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Wednesday, February 17, 2016
This is going to be a big year – in fact the next three years will be pretty ‘full on’.
The technical and financial market drivers we have faced up to now will be magnified by a factor of 10 as workloads and the type of work really picks up and we will do well just to keep pace with what is about to happen between now and 2018.
Skills shortages, labour costs, movement of resources, modern methods of design, project risk, procurement and quality control will all become even more significant in the coming months.
We are facing our second ‘perfect storm’ in recent years with the growth in workloads coinciding with significant skills shortages and pressure on cash flow. Coming hot on the heels of the deepest recession in modern times, contractors will have to step up to the challenge again.
It is a very exciting time and the next three years will be full of opportunity, but we will have to ask ourselves if we are ready and willing to invest and take the opportunity to grow and prosper. Excitement can also, very quickly, turn to fear if we get this wrong.
A recent survey by the recruitment specialists Hays published in the CIBSE Journal showed how the skills shortage is having an impact on wages. Engineers pay is up by 5% in 2016, across construction as a whole, wages rose by 6% last year, which was three times faster than the average across the rest of the economy.
The Royal Institution of Chartered Surveyors (RICS) warned that shortages could hamper the industry’s ability to deliver projects and lack of skilled labour was putting particular pressure on major projects, including the government’s housing and infrastructure schemes.
It is great that skilled workers in our sector are getting the financial rewards they deserve, but wage growth is also an unhealthy symptom of the skills gap.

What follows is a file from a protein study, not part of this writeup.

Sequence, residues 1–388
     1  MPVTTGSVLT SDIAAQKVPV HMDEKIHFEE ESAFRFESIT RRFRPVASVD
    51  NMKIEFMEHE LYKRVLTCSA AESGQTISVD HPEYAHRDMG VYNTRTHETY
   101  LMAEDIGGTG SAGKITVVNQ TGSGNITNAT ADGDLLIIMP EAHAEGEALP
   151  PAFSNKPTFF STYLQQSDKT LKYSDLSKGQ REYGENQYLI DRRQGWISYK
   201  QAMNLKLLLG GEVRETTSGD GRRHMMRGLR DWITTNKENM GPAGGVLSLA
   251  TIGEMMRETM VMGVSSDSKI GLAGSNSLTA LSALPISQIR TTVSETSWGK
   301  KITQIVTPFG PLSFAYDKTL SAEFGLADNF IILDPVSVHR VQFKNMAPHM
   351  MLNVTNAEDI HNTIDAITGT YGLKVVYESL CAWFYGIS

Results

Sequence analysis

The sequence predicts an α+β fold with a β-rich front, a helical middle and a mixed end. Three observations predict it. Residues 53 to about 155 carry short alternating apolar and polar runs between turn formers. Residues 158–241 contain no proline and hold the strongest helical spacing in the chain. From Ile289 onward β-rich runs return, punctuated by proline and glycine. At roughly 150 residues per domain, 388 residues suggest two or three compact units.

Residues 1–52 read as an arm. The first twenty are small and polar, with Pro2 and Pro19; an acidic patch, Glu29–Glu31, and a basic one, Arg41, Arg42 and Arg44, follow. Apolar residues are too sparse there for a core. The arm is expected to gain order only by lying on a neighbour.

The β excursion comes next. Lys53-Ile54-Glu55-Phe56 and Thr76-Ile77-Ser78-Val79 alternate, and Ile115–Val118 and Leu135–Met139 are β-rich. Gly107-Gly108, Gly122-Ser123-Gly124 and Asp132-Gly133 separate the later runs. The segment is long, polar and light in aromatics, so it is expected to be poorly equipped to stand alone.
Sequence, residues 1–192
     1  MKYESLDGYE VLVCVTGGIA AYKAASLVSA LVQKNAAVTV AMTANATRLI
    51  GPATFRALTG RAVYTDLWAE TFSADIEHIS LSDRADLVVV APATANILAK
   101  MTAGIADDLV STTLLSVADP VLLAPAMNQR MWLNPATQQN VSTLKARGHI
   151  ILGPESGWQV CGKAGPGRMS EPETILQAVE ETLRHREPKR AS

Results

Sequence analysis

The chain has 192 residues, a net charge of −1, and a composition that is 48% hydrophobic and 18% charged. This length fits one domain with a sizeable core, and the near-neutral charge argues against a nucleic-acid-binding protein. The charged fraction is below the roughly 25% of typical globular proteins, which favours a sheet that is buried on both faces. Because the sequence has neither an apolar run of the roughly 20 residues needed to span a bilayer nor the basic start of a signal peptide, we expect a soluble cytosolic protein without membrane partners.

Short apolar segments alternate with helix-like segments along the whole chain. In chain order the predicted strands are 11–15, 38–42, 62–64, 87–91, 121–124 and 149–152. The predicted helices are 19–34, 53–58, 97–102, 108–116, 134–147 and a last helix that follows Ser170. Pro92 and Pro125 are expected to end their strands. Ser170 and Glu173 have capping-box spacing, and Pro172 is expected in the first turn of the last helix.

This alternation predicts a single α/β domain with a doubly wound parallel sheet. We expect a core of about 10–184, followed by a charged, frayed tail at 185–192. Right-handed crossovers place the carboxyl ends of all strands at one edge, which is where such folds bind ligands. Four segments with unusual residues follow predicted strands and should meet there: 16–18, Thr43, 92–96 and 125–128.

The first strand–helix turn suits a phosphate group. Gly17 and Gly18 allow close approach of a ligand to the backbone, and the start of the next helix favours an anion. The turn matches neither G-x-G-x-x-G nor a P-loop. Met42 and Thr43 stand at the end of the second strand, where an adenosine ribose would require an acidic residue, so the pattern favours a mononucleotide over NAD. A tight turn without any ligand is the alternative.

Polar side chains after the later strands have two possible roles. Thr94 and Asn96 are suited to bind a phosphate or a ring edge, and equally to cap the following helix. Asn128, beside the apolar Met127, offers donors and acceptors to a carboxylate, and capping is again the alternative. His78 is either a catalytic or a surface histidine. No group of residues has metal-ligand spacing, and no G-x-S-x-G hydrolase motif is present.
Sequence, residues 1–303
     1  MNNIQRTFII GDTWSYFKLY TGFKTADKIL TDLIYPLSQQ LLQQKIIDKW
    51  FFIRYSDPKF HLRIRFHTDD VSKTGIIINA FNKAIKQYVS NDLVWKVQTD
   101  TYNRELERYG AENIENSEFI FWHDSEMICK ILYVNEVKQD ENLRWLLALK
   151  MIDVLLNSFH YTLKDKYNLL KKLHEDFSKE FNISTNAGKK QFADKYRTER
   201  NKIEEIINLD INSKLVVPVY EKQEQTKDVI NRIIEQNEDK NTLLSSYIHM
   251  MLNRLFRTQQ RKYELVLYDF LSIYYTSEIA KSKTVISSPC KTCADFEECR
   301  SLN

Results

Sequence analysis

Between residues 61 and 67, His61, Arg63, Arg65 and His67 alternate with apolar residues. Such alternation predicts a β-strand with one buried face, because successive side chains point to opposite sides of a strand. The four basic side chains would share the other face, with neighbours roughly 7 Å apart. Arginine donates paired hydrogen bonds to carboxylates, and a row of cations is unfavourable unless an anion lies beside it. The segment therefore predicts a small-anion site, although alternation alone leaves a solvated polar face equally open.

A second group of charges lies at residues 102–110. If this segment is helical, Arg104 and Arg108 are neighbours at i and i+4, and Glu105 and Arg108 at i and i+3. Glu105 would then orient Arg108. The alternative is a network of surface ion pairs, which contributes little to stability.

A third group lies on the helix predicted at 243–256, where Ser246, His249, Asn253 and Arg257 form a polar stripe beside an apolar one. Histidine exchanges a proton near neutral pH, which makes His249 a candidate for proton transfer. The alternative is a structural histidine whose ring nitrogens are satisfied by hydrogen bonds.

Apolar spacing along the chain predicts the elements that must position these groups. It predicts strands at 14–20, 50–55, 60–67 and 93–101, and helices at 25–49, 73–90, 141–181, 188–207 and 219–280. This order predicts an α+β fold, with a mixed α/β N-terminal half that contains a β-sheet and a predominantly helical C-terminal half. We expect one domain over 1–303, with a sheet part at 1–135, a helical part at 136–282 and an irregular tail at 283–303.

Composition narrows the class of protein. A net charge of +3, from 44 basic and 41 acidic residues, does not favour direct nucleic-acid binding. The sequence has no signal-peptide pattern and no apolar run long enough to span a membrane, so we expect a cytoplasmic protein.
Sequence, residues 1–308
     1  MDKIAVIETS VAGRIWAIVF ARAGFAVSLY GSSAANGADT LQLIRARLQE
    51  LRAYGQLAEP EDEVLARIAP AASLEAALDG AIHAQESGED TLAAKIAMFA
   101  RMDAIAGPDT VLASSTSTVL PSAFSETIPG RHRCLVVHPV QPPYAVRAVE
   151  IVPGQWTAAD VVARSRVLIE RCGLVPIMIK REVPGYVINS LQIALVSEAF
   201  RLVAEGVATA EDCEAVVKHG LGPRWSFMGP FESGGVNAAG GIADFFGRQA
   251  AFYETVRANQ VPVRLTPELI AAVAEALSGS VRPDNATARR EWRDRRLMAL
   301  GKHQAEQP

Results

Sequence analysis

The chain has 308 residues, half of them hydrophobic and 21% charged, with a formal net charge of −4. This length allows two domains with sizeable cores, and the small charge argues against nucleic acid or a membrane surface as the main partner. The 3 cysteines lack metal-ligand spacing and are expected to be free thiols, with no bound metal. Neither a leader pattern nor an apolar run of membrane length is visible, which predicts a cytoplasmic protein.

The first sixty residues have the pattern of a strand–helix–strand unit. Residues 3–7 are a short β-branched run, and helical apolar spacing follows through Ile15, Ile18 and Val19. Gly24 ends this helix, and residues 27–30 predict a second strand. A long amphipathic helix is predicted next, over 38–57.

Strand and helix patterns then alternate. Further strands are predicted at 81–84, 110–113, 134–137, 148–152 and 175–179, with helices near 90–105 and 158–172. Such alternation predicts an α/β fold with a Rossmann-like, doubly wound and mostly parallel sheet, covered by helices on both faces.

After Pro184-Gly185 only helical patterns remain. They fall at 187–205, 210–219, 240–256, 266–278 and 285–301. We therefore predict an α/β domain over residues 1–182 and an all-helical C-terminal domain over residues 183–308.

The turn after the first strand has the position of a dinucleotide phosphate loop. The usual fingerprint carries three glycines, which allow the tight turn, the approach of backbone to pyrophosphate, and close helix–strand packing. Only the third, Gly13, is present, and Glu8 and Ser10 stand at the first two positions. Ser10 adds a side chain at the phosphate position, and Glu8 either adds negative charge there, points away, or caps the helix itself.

This is having an impact on profit margins, but so is the fact that many Tier One contractors reverted to type and went back to awarding contracts based on lowest price during the recession. However, I think most now realise their mistake and are beginning to recognise how important the supply chain is and that good companies deserve to make a good margin in return for quality work.
A profitable supply chain is a healthy supply chain.
The Association is addressing this topic on several fronts at the moment – not least by tackling fair payment. Payment retentions remain a concern, but our close relationship with many campaigning MPs is really coming to fruition now – as you can see from our article about the recent Westminster Hall debate on the issue.
We are leading a campaign for wider use of digital payment processes and for retention payments to be placed ‘in trust’ to guard against unfair practices and insolvencies. And, as our legal and commercial director Rob Driscoll said, we are as close as we have ever been to solving the retentions and unfair payment problem.
Cash flow is also good for business growth and so is process efficiency. This is going to be a big year for Building Information Modelling (BIM) with the government’s deadline for Level 2 arriving in April. BIM is a great opportunity to simplify and streamline project and business processes, avoiding the continual re-designs and changes that add cost and delays. With BIM, we have a better chance of actually giving the client what they want and expect from a project.
It is also a great way for contractors to improve the efficiency of their own processes and, therefore, improve their margins.
The growth in ‘digital’ methods also gives a new dimension to the skills shortage. Our needs are changing in line with technological shifts and so the direction taken by the new Trailblazer apprenticeships will be crucial. The Association intends to be right at the forefront by influencing the direction and content of the scheme that aims to deliver three million new apprentices in the next four years.
As well as taking a long-term view to bringing in more school leavers and graduates, we also have an opportunity to plug some of the skills gaps in the short-term by encouraging existing workers to ‘upskill’ by taking additional training.
The wider use of BIM, along with greater adoption of off-site manufacturing of building engineering services packages, means we will need new kinds of skills. Our teams will be spending less time on site, but that doesn’t mean we will need a smaller workforce – we need a smarter one.
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